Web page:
Speech, Law, Trauma: Indian Contexts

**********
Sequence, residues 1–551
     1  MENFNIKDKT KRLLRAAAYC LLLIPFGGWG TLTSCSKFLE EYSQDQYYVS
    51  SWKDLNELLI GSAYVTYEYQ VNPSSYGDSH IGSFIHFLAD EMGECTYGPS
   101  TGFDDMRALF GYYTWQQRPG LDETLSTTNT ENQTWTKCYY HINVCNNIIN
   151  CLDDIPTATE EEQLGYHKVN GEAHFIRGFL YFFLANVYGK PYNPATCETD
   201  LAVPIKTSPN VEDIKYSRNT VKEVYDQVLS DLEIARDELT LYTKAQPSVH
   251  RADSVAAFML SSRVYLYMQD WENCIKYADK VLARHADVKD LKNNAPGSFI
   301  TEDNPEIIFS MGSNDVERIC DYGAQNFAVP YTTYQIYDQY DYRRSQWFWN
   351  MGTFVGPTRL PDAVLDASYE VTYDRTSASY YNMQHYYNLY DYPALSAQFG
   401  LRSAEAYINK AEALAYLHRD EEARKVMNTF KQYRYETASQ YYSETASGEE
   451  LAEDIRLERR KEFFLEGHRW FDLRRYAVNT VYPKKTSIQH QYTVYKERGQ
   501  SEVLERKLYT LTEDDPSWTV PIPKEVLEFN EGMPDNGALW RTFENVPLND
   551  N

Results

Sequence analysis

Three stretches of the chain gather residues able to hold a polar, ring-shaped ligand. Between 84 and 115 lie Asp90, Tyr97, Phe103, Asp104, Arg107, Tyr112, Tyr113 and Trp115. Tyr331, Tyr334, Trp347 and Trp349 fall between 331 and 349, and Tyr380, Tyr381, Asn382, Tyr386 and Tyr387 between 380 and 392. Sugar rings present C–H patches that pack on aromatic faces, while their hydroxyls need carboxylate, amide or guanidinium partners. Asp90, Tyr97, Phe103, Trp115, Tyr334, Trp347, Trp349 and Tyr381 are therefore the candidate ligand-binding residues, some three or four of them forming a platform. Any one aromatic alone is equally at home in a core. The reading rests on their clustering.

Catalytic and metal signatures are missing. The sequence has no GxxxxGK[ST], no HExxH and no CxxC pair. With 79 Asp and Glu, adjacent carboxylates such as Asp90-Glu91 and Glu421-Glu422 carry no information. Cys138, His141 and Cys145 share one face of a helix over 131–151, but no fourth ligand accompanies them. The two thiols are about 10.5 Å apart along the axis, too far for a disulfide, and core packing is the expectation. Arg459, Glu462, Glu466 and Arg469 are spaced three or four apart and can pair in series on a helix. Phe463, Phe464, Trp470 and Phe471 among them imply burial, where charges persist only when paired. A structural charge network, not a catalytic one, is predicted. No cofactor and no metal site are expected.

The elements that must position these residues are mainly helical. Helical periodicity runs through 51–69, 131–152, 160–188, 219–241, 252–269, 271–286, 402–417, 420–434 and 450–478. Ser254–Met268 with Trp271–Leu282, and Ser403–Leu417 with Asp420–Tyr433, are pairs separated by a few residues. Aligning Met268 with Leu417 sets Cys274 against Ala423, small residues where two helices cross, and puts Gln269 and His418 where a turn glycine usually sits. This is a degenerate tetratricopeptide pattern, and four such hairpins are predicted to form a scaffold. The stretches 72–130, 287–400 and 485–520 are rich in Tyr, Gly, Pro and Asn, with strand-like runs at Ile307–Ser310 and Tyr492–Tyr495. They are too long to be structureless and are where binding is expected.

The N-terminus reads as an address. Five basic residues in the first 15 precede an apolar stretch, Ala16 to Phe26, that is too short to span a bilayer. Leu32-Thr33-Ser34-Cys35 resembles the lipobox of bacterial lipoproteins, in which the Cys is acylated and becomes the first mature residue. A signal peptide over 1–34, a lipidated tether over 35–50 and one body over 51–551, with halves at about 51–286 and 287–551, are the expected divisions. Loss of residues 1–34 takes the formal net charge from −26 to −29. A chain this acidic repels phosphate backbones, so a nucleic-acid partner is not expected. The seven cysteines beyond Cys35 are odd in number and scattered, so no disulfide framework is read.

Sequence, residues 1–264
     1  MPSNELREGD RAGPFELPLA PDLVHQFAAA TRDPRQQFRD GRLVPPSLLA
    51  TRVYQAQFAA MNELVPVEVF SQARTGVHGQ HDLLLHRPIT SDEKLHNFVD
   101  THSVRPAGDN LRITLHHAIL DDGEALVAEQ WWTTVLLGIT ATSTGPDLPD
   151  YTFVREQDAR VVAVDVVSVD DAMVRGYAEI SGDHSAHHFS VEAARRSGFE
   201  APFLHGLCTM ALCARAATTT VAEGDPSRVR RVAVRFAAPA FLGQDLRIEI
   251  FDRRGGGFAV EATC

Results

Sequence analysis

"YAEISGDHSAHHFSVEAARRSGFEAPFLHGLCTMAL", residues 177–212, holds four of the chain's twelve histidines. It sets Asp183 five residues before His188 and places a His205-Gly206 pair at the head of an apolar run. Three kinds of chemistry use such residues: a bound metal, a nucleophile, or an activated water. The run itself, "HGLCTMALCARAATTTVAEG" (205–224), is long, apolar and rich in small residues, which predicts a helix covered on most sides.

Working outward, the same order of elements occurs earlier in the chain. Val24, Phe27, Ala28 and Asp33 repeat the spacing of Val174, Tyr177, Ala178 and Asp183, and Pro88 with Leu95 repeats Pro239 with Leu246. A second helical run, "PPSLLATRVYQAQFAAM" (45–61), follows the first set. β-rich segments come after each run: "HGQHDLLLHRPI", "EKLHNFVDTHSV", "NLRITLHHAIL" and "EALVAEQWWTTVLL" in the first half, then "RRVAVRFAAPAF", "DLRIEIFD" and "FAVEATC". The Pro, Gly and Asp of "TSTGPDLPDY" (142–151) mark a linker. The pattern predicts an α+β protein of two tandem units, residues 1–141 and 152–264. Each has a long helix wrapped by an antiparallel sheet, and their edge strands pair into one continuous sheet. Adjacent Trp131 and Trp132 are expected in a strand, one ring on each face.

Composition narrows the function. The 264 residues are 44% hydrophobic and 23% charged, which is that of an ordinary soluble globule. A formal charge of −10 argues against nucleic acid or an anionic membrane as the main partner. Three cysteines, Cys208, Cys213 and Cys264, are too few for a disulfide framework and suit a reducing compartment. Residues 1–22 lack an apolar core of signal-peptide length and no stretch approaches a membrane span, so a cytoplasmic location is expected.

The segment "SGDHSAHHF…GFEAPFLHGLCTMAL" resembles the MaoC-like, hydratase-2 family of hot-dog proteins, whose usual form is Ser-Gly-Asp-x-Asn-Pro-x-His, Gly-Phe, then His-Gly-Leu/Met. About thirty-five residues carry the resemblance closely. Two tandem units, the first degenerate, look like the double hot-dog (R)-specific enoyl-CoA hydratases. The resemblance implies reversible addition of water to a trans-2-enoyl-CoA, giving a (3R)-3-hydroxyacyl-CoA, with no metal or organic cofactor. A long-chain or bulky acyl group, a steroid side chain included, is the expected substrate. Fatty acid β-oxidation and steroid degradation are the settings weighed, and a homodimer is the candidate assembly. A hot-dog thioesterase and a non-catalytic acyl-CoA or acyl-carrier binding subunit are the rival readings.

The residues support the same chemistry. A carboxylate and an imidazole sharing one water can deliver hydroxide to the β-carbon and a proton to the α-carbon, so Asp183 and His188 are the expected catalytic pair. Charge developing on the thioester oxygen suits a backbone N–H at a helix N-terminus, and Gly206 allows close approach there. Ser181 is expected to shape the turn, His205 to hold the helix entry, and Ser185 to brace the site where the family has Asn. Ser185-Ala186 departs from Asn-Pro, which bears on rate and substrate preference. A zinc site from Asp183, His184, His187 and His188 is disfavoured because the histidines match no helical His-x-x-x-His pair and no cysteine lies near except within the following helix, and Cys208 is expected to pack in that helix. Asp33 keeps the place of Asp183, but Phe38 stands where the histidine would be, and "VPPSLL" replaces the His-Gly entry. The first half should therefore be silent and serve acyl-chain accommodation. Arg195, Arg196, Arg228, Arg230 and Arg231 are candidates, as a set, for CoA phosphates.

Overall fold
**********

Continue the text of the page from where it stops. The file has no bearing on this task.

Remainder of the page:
Speech, Law, Trauma: Indian contexts Call for chapters in an edited volume The ascendancy of right wing nationalism in India in contemporary times has witnessed heavy militarisation, clampdown on journalistic freedom, human rights violations, instances of communal and caste violence, etc. Cases of sexual harassment and #metoo in a world after Jyoti Pandey's rape have also been increasing. It has been well established that the Indian polity is marked by the rise of totalitarian forms of government. The recent lockdown of communication in Kashmir and a move to invoke a presidential order to bifurcate the state, the continuing use of AFSPA in parts of India, the drive towards demonetisation, combined, point to a trend whereby the governmentalised state is closely engaged with creating a legal trail of sweeping changes. This phenomenon is marked by increased control of state on all aspects of public and private life. There is an urgent need to theorise this mechanism of totalitarianism.However, there have also been certain legal events that point to the possibility of the "subject of freedom" (Saba Mahmood) existing in and through law such as the judgment that decriminalised homosexuality and the judgment on the right to privacy. There is also a growing trend towards specialisation in law. The notion of the specific intellectual (Michel Foucault) holds valence here. Therefore, it becomes imperative to critically look at the mechanism of law as an entry point to gain insight into our contemporary world. Further, the analysis of law needs to be closely connected to speech as well as to trauma. The murder of Gauri Lankesh and the clampdown on speech, as well as the legal guarantee of freedom of expression are two sides of the same coin. Speech is a particular form of linguistic expression, an articulation of thoughts and emotions. It could also be a formal address delivered to an audience, for instance, a polarising political speech by Narendra Modi. One could refer to his performative utterances as speech acts (JL Austin) or equally point towards their empty polemics. Speech in both extremes exists as a discursive utterance in a network of power/knowledge (Michel Foucault). Along with the rise of the Right, there is also a growing "empire of trauma" (Didier Fassin and Richard Rechtman). Trauma, is embedded in the disciplines of psychiatry and psychology. It is a state of being, a condition, but also a site of knowledge production. Trauma could be an aftereffect of violence, as in PTSD, or be "insidious" ( Laura Brown). It could refer to the suffering of a collective (Kai Erikson) or an individual. Yet these concepts around trauma are found wanting when used unproblematically in the Indian context. The unproblematised celebration of the Indian Mental Healthcare Act 2017 without a theorisation of it's relation with trauma, speech and law is but one example. This volume seeks to explore newer paradaigms that seek to make a connection among the categories of speech, law and trauma. Speech can be the cause of trauma such as in "excitable speech" (Judith Butler). It can be also be the effect of traumatic encounters. The "talking cure" (Sigmund Freud) may even be considered healing or redemptive. Similarly, the law could be used to enable speech, as in freedom of expression laws, or be used to suppress articulation, such as in anti-terror laws, censorship, etc. Speech of a particular kind which hurts societies and individuals may be punishable by law. Inversely, the law may also be Draconian and guard the interests of its own existence as state discourse by curbing dissent. Trauma could be the result of unjust laws, and speech the medium of articulation of the split between the legal and the ethical (JF Lyotard). Traumatic experience may require a legal acknowledgement of wrong done. Original, previously unpublished, research articles of approximately 8000 words are invited on the aforementioned topic based on India as context. Thematic concerns may include but not be limited to: - the Dalit movement and hate speech - caste as a traumatic encounter - political rhetoric and "linguistic vulnerability" (Judith Butler) - patriarchal law, traumatic subjectivity, and feminist-queer articulations - the performative body versus performative speech - language games and traumatic subjectivity - the talking cure versus the legal remedy - cultural practices around legalese - expressions of marginality in law and trauma discourse - censorship and literature Please first send abstracts/ proposals of no more than 500 words to Dr. Swatie (firstname.lastname@example.org) by 31st October 2019. A short bio note or résumé may also be attached. Please mention 'speech, law, trauma abstract submission' as subject line.